Film Scouts Diaries

2010 Torino Film Festival Diaries
U. K. Cinema Reborn?

by Henri Béhar

Torino, Italy, December 2 - It always feels strange to land in a Festival after it started and leave before it ends. Particularly a Festival you have never attended, in a city you have never been to. Such was the case for the Torino Film Festival, which opened on November, 26 and closes on December 4. By the time you get there, most of your colleagues got their groove, structuring their work schedule around the Competition section or other, more specific, assignments.

You can play catch-up (and the Festival staff will turn into Italian pretzels to accommodate you) or decide the set up is actually pretty liberating: you will just drift from film to film, picking and choosing according to the moment and your mood.

Which is what I did.

I ended up with the feeling that something is definitely a-brewing, film-wise, in the United Kingdom. Young filmmakers – and I shall include among them veteran actor-turned-director Peter Mullan – tackle societal issues and ills head on. But perhaps more often than not, they approach them through comedy, even farce.

The hero of Chris Morris's Four Lions, who lives in a small English town, is determined to become a jihad warrior. Returning from training in an Islamist boot camp in Pakistan, he struggles for leadership of his terrorist group with a white Brit who converted to Islam, while planning a suicide attack during the London marathon. But things will not happen according to plan. Director Morris spoke "with experts on terrorism, the police, the secret service and hundreds of Muslims," he writes in the Festival catalogue. "Even the ones who have been trained and fought the jihad throw light on its farcical, tragicomic aspect."

Addressing a similar issue – and one of the hottest topics of our time - Josh Appignanesi (The Infidel, in competition) goes for all-out farce. London-based Mahmud Nasir is a Muslim. A true devotee, deep down, if not exactly the most observant worshipper. As his son is about to marry the daughter of a cleric, he has to crank up his "Islamitude" a notch or two. As he empties his just-deceased mother's house, however, he discovers a document stating he was adopted… and born a Jew. Pick it up from there. The film could be tightened a tad, but the director seems promising and Omid Djalili's performance as Mahmud can best be described as Homer Simpson-meets-Fiddler on the Roof.

Actor Peter Mullan appeared in Ken Loach's Riff Raff and My Name is Joe (Best Actor Award at Cannes), as well as in Danny Boyle's Shallow Grave and Trainspotting. He then branched out into directing – his second film, The Magdalene Sisters, got the top prize in Venice. The world he describes in his new film, Neds, is volatile and often violent. The main character is a bright, sensitive Glasgow boy who has to face a hostile school environment and a no-less hostile household (he is routinely victimized by his alcoholic father). In order, perhaps, just to survive, he joins a gang of "neds" (Non-Educated Delinquents). The inexorability of it all is what scares you most, as does Peter Mullan's unflinching, uncompromising direction.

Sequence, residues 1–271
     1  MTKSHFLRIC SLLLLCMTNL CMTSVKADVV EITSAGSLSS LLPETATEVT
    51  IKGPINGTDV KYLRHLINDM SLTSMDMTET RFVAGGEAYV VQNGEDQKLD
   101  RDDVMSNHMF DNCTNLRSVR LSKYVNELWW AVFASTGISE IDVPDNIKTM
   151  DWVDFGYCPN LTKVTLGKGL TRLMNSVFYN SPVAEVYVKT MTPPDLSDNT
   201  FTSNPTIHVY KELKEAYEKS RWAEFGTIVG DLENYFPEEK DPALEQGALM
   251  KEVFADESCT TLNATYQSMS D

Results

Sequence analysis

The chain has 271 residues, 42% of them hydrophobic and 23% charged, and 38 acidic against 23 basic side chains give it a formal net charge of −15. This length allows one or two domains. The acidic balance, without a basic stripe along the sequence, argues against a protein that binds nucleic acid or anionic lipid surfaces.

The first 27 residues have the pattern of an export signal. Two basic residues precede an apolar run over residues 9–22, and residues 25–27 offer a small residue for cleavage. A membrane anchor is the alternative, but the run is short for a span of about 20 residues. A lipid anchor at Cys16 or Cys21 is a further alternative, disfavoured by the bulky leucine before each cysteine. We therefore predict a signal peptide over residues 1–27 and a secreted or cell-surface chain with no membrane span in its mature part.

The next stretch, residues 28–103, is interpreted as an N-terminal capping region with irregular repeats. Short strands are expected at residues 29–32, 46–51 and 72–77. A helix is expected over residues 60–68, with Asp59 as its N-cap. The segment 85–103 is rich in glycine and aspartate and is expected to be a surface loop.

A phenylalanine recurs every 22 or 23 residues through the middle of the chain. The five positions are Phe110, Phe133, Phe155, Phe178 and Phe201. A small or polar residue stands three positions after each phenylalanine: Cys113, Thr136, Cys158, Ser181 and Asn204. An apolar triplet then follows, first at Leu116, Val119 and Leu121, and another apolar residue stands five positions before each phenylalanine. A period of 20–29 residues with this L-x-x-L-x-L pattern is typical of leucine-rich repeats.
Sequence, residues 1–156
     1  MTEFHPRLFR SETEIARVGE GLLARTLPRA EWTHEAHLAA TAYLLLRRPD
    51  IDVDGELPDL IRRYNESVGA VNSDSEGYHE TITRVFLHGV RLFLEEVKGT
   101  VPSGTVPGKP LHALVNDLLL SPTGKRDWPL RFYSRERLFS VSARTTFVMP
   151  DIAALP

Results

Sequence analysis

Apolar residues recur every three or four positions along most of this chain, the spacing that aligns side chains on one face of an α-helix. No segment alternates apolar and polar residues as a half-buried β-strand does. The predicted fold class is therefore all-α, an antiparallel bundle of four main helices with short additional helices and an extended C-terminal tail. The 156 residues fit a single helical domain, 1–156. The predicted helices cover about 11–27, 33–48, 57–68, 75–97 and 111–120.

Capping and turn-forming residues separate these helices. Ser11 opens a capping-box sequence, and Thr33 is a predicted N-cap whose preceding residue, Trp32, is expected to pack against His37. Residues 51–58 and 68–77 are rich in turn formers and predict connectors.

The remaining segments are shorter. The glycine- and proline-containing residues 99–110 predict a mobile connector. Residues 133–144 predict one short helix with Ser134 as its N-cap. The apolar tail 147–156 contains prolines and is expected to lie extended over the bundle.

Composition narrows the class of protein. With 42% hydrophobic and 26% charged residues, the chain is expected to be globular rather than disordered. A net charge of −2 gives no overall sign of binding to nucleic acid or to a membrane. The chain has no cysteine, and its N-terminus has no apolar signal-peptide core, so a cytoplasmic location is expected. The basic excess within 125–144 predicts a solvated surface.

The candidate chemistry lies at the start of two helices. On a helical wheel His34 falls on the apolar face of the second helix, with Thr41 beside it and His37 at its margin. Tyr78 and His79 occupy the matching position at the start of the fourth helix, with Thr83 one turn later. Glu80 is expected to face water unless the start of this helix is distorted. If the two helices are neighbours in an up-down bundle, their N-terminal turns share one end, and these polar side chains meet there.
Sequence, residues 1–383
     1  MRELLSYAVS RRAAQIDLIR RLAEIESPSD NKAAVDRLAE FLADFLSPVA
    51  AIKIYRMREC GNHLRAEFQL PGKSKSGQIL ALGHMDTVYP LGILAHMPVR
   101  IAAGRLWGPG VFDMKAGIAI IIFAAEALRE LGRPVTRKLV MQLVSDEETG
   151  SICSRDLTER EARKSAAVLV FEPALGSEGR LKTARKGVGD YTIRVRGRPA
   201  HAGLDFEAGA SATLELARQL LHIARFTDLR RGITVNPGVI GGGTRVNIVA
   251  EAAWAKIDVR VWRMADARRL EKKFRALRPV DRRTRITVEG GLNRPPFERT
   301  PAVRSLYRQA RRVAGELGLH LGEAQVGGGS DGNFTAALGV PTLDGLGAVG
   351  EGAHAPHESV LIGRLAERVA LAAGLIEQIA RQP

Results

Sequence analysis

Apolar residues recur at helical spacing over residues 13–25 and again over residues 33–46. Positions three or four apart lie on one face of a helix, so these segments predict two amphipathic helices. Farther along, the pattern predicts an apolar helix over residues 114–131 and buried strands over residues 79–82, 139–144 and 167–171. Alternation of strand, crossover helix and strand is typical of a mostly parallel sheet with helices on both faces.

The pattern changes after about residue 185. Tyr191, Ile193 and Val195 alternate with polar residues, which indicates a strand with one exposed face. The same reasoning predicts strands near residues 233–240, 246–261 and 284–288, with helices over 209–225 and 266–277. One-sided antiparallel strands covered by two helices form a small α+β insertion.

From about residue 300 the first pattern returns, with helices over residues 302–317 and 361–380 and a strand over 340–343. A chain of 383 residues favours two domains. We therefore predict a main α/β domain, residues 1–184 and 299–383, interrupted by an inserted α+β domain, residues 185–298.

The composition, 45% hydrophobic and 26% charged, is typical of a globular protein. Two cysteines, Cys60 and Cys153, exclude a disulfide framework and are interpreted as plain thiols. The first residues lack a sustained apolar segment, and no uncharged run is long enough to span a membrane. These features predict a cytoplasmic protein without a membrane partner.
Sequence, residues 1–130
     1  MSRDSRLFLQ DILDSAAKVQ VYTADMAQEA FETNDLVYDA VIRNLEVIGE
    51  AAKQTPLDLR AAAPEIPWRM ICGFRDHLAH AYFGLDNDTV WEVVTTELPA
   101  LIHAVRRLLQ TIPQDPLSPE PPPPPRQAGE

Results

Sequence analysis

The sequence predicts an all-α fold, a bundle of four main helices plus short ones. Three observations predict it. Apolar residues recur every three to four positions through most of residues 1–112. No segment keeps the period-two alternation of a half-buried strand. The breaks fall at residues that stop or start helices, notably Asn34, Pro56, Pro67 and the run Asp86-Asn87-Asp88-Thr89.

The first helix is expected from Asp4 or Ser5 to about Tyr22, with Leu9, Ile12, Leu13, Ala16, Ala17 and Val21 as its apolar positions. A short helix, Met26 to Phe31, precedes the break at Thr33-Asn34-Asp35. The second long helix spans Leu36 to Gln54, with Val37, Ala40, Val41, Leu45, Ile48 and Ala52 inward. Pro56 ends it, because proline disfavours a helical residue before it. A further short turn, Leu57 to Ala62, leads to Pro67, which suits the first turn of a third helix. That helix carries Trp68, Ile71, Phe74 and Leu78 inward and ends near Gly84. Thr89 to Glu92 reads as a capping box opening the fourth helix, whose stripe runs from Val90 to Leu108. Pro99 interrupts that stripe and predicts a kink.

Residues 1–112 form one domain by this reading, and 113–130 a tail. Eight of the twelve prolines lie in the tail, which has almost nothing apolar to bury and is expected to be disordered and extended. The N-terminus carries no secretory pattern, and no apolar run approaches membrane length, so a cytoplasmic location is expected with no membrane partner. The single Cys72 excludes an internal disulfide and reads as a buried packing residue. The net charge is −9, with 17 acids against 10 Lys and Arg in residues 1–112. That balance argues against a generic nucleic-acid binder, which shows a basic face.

The oddest object, perhaps, is Julian Temple's made-for-TV documentary Requiem for Detroit? The question mark in the title is crucial. Yes, the film is about the decay and collapse of America's fourth largest city. Yes, founded on - and for - the automotive industry, it was an embodiment of the American Dream. The dream crumbled down, the area was deserted: people simply walked away from the homes they could no longer afford. Two years ago, you could buy a house in Detroit for a hundred dollars… if you were crazy enough to want to move there.

But some people did: artists, musicians, social pioneers trying to find new ways of living together, intermingling with surprisingly resilient and resolutely optimistic locals determined to rehabilitate their decrepit environment block by block, building by building. Hence the question mark. Ultimately, the film will leave you with a smile – which is no mean feat.

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